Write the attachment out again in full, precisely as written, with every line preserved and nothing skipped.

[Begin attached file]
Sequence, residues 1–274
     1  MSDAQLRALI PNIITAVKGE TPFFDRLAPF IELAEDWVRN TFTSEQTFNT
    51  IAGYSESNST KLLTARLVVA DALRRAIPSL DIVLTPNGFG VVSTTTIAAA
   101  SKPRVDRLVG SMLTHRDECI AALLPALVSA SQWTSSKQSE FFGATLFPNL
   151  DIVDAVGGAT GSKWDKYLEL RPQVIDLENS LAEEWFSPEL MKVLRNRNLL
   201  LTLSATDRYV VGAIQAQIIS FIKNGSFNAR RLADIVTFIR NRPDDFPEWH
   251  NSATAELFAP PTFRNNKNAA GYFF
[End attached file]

Sequence, residues 1–274
     1  MSDAQLRALI PNIITAVKGE TPFFDRLAPF IELAEDWVRN TFTSEQTFNT
    51  IAGYSESNST KLLTARLVVA DALRRAIPSL DIVLTPNGFG VVSTTTIAAA
   101  SKPRVDRLVG SMLTHRDECI AALLPALVSA SQWTSSKQSE FFGATLFPNL
   151  DIVDAVGGAT GSKWDKYLEL RPQVIDLENS LAEEWFSPEL MKVLRNRNLL
   201  LTLSATDRYV VGAIQAQIIS FIKNGSFNAR RLADIVTFIR NRPDDFPEWH
   251  NSATAELFAP PTFRNNKNAA GYFF